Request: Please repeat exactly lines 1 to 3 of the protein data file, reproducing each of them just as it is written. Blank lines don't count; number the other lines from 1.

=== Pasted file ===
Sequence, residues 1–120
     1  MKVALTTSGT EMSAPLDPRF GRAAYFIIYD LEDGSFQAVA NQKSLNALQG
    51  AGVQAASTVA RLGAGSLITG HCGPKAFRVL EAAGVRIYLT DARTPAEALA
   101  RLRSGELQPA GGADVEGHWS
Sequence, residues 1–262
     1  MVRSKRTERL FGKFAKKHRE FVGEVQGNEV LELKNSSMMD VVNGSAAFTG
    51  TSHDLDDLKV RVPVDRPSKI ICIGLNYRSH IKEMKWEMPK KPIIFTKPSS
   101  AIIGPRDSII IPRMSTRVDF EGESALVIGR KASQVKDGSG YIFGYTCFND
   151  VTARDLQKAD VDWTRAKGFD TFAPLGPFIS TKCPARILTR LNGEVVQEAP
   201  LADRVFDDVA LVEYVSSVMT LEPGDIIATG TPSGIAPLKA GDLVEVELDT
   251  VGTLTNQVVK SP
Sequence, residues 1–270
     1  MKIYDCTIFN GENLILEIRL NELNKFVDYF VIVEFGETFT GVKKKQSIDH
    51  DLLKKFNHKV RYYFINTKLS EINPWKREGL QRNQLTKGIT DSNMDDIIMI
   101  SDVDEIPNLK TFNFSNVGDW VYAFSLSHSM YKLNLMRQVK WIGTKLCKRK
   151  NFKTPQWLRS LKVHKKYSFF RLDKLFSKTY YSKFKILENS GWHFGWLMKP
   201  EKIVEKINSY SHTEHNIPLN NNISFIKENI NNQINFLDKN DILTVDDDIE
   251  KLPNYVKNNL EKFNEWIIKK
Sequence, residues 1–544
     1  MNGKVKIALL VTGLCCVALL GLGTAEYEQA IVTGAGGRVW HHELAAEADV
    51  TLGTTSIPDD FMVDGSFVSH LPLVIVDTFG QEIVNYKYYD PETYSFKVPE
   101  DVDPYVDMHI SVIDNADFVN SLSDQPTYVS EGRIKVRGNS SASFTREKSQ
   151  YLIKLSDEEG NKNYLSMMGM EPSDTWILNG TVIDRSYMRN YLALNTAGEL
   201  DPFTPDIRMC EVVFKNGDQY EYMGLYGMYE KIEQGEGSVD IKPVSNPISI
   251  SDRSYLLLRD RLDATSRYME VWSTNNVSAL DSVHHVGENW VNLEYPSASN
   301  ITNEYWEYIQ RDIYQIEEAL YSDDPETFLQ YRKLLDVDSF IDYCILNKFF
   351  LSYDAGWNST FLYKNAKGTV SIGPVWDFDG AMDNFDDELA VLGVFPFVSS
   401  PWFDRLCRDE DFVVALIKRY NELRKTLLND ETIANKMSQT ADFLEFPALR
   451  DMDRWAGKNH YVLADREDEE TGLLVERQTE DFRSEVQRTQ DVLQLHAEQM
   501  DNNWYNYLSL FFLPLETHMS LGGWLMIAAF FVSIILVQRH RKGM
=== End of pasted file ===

Sequence, residues 1–120
     1  MKVALTTSGT EMSAPLDPRF GRAAYFIIYD LEDGSFQAVA NQKSLNALQG
    51  AGVQAASTVA RLGAGSLITG HCGPKAFRVL EAAGVRIYLT DARTPAEALA